Tuesday, August 9, 2016

escposf - A Thermal Printer Filter and Control Command for Linux

escposf - A Thermal Printer Filter and Control Command for Linux

There are millions of thermal printers out there! After recently acquiring a Raspberry Pi 3 computer, I got interested in obtaining and using a matching inexpensive printer. This page provides a short description of a quick hack I ginned up to control printing from the command line or through shell scripts. The command, escposf, simply outputs the requisite control characters to change how the printer prints on the thermal printer. BTW, I first used a thermal printer back in the day when you had to strap a sheet of thermal paper on a metal cylinder, call a remote transmitter, then slam the phone into the rubber cups on the receiving unit - faxes were pretty crude back then!

Note that escposf sends control codes directly to the printer. On the other hand, if you just want a straightforward, easy-to-build CUPS driver, check out the zj-58 filter.  The zj-58 filter rasterizes your document image and sends that image to the printer. I created a LibreOffice Writer document template for use with the zj-58 filter. The template has the following settings: 58mm width, 219mm length, with 0 top and bottom margins and a 2mm left margin and 2.5mm right margin - this works very well, too! As you can see, you can create just about any printout you like, such as tickets, etc.





Using escposf for direct printing is pretty easy. Download the source code and build it!

/*
 * escposf - send or embed printing control data for an ESC/POS format thermal printer.
 *
 * (c)2016 by bball@tux.org for his Raspberry Pi 3 computer's thermal printer
 * Distributed under GNU GPLV3. Get it, read it, use it, love it.
 *
 * note that not all ESC/POS-compatible printers share the same ESC/POS codes!
 *
 * the primary use of this command is to set the printing mode or embed ESC/POS codes
 * into a text stream or file for printing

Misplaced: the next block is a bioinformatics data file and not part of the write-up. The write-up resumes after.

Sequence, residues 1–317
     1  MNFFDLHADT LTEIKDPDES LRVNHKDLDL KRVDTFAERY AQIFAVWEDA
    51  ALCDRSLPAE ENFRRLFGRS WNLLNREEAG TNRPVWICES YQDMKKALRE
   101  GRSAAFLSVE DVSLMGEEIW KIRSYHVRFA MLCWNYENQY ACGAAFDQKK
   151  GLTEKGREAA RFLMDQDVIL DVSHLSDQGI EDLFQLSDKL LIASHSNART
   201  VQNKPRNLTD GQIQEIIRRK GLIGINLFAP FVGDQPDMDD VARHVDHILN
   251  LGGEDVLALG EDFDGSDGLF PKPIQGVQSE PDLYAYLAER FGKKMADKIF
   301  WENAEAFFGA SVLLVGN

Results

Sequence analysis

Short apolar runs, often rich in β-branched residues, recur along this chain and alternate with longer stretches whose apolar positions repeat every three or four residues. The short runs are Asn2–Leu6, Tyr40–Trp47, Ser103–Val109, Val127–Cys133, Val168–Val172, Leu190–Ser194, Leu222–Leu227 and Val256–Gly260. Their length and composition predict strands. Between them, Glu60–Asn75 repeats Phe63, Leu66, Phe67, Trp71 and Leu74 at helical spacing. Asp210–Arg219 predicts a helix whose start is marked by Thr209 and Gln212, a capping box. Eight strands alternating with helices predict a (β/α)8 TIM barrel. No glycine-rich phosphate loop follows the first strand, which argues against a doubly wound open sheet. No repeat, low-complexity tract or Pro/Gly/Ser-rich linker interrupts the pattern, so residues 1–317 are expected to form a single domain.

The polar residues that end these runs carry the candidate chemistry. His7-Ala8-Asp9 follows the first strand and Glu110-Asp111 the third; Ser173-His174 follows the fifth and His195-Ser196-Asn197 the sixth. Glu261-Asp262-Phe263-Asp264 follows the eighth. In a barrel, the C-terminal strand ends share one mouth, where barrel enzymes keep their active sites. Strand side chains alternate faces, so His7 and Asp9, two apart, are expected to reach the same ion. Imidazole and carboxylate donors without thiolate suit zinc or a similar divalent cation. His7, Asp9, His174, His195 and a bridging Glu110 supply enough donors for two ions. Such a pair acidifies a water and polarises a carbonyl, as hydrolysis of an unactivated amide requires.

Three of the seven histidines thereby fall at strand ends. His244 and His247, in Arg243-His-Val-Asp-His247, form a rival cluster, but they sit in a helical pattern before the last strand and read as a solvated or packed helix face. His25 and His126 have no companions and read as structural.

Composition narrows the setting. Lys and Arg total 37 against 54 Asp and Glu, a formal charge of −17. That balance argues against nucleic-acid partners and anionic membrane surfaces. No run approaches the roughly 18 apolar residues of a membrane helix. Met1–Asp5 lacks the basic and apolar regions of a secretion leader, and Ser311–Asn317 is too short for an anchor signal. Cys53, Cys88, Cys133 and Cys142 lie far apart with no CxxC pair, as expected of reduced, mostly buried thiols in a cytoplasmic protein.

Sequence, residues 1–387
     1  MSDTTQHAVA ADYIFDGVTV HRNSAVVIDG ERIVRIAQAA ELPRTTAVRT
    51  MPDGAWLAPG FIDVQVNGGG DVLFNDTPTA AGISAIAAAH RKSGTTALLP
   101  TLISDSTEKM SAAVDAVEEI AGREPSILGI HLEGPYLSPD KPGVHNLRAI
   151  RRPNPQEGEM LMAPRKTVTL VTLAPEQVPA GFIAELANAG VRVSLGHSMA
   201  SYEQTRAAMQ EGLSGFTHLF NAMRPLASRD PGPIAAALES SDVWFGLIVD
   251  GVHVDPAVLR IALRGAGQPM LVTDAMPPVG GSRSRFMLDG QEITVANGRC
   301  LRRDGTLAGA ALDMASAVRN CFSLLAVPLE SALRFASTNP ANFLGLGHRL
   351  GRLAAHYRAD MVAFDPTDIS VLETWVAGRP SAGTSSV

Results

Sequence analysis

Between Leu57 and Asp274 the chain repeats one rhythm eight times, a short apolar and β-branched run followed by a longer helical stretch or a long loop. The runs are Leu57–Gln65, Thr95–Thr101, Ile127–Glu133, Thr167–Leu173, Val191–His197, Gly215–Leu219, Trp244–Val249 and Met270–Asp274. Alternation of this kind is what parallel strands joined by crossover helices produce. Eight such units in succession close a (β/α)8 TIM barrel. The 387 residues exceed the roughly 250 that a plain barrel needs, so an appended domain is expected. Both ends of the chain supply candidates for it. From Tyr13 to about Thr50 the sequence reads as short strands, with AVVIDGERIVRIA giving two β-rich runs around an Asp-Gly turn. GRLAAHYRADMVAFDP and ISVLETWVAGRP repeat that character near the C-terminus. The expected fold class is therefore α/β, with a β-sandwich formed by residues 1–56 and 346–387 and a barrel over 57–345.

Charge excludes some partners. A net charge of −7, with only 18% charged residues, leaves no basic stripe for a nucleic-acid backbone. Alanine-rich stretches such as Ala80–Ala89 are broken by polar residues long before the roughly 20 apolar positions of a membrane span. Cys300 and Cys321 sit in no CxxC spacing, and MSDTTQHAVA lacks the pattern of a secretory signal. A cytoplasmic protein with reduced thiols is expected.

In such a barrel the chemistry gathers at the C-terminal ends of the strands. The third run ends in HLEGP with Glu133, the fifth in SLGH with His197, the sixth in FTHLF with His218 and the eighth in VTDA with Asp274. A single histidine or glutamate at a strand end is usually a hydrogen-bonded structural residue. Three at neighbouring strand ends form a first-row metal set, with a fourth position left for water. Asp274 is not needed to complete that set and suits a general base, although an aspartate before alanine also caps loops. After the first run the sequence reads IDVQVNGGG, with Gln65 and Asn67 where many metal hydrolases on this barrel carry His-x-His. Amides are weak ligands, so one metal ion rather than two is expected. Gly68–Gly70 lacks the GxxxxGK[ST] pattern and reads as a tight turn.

*
 * version 0.1 - working bold, underline, alignment, reverse, and 4 types of text types
 * version 0.2 - changed name from escpos_util to escposf (ESC/POS filter)
 *               added font a/b selection, overstrike
 * version 0.3 - added printer initialization (clear buffer, reset to 'standard' mode)
 * version 0.4 - added code cleanup, printer_test shell script to package
 * version 0.5 - removed non-working options (boldface, double-strike)
 */

#include <stdlib.h>
#include <stdio.h>
#include <stdbool.h>

/* additions for command-line processing */
#include <getopt.h>
#include <argp.h>  /* <-- comment out header to build for Mac OS X */

/* command-line help */
const char *version="escposf 0.5";
const char *bug_address="<bball@tux.org>";
static char doc[]="ESC/POS thermal printer command";

void usage() {
printf("%s - %s\n",version,doc);
printf("Control ESC/POS thermal printer output.\n");
printf("Typical usage:\n");
printf("escposf --a 1 | lpr -P lpname -o raw (set text centering)\n");
printf("escposf --f 1 >filename.txt          (embed font selection)\n");
printf("Command-line options are:\n");
printf("[--align n]  [--a n] - align text (0-left, 1-ctr, 2-rght)\n");
printf("[--font n]   [--f n] - select font (0-normal, 1-condensed)\n");
printf("[--init]     [--i]   - reset [initialize] printer\n");
printf("[--rev n]    [--r n] - reverse text (0-off, 1-on)\n");
printf("[--text n]   [--t n] - set text (0-norm, 1-2Xh, 2-2Xw, 3-large)\n");
printf("[--underl n] [--u n] - underline (0-off, 1-1 dot, 2-2 dots)\n");
printf("[--help]     [--h]   - display this message \n");
printf("[--version]  [--v]   - display program version \n");
printf("bug reports, fixes to: %s\n",bug_address);
}

/* control alignment */
int align(int option)
{
    switch (option) {
        case 0: putchar(0x1b); putchar(0x61); putchar(0x00); exit(0); break;
        case 1: putchar(0x1b); putchar(0x61); putchar(0x01); exit(0); break;
        case 2: putchar(0x1b); putchar(0x61); putchar(0x02); exit(0); break;